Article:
Foot drop is a very frightening condition that results in the loss of control of one of your feet. As this condition progresses, running, movement and walking become limited as the foot becomes weaker. In most cases, foot drop is the result of a lumbar injury and the resulting pain and weakness impacts the foot. This is often known as sciatica, but medical professionals call this condition radiculopathy. Surgery is regularly needed before exercise therapy can restore full function.
Sit on a chair and bring both legs up so they are parallel to the floor. Hold on to the side of the chair with your hands. Curl your toes toward your midsection and hold the position for two seconds. Uncurl your toes. Do this 10 times, take a 30 second break and repeat the set.
Sit on a chair and grip the seat portion of your chair with your hands. Take your socks off so you are sitting with bare feet. Put a table tennis ball on the ground. Use your toes to try to grip the table tennis ball. Lift it up to knee height and then put it back on the floor. Do this 10 times, take a 30 second break and repeat the set. This will help bring back dexterity to your feet and toes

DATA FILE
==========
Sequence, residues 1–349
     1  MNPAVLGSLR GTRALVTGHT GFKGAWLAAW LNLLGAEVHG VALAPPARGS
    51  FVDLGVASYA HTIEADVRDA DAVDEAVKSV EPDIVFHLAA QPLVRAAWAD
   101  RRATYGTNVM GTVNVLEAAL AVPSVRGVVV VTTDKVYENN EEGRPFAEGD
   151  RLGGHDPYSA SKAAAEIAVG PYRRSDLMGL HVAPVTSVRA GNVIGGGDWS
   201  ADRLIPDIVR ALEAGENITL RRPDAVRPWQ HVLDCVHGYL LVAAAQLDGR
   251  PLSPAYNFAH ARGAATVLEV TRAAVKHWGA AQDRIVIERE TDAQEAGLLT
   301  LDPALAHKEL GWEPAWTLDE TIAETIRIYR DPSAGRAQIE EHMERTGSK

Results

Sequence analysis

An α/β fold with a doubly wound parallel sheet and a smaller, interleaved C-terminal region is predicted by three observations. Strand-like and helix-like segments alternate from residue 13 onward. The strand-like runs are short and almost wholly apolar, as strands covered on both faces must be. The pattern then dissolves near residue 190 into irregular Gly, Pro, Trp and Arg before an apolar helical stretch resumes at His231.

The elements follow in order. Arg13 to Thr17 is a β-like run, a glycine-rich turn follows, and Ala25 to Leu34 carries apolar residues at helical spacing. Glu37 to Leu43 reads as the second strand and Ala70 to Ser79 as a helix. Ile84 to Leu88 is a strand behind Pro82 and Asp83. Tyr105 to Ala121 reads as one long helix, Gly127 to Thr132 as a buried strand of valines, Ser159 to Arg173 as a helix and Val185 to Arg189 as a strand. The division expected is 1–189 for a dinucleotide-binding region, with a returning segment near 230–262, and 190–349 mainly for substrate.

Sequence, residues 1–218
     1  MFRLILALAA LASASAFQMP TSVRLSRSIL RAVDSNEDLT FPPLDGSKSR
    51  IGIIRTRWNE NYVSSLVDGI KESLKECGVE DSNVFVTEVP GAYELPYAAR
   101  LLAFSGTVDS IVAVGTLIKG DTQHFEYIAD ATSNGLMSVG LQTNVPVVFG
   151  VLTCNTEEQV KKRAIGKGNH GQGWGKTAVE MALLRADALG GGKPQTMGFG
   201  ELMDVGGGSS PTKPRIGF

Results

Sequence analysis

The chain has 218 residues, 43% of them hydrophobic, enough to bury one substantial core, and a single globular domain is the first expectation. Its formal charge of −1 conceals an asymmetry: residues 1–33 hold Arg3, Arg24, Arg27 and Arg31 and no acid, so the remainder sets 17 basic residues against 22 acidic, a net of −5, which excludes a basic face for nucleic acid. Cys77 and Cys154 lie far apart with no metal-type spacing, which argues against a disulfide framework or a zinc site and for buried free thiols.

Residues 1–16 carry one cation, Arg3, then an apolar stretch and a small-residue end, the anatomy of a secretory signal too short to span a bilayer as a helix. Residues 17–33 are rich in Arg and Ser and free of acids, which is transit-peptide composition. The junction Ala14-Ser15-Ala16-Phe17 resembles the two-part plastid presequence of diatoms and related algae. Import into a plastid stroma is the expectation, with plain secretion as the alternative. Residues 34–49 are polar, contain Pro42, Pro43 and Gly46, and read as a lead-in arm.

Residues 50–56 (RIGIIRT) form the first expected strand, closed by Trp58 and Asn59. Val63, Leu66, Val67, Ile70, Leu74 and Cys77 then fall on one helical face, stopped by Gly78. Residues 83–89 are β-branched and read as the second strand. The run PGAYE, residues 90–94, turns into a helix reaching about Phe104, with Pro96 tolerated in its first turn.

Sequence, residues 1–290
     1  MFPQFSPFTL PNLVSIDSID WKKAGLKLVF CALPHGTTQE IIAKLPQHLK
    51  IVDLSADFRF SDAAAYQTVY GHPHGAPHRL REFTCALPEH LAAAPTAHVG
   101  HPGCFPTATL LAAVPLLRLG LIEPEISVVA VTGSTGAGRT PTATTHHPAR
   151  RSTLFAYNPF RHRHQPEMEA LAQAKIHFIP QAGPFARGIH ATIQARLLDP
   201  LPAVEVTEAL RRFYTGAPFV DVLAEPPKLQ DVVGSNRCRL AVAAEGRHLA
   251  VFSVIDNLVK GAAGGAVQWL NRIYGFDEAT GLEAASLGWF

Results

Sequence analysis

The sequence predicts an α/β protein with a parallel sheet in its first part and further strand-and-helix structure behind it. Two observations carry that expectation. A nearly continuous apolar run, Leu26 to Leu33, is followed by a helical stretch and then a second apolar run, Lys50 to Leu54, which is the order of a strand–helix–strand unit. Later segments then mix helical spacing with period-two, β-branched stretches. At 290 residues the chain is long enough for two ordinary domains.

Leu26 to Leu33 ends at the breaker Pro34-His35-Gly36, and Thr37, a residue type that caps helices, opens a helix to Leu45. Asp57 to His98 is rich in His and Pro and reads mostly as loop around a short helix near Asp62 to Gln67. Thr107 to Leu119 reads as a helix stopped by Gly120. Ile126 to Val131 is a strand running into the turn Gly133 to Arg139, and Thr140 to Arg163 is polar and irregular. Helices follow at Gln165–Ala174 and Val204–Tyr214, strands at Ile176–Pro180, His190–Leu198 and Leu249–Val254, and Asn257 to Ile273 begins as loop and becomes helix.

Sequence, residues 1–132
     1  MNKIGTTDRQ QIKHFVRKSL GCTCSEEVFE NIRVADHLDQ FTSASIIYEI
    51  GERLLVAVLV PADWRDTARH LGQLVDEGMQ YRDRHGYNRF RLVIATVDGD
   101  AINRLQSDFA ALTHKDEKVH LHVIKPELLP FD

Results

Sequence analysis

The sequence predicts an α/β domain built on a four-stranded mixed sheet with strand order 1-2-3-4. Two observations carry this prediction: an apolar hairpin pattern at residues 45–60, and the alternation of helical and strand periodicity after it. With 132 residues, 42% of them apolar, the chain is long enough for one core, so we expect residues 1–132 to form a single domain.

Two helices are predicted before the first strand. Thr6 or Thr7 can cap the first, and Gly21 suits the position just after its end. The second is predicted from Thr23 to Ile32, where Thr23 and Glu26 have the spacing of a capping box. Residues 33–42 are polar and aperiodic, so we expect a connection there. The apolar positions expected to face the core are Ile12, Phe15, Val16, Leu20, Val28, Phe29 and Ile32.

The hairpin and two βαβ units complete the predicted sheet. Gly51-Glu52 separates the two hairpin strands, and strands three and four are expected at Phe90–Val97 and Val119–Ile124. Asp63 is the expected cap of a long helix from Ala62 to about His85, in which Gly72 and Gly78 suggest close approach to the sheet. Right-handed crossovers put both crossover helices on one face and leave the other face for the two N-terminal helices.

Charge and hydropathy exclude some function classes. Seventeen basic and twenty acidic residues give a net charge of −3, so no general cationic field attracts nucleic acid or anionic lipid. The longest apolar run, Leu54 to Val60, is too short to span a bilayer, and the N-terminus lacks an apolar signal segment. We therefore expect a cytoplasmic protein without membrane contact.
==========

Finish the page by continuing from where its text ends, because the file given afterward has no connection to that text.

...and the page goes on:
Once you have had surgery on your lower back to restore function, you will most likely need to build strength back in your feet, toes and ankles. One of the best ways to do this is with calf raises. Stand in the middle of a room (where you can't touch the walls) and raise up on your tip toes. Go back to a normal standing position. Try to work your way up to two sets of 20 toe raises. It could take three or four days before you can reach that level. This will build strength in the foot and leg along with restoring balance function.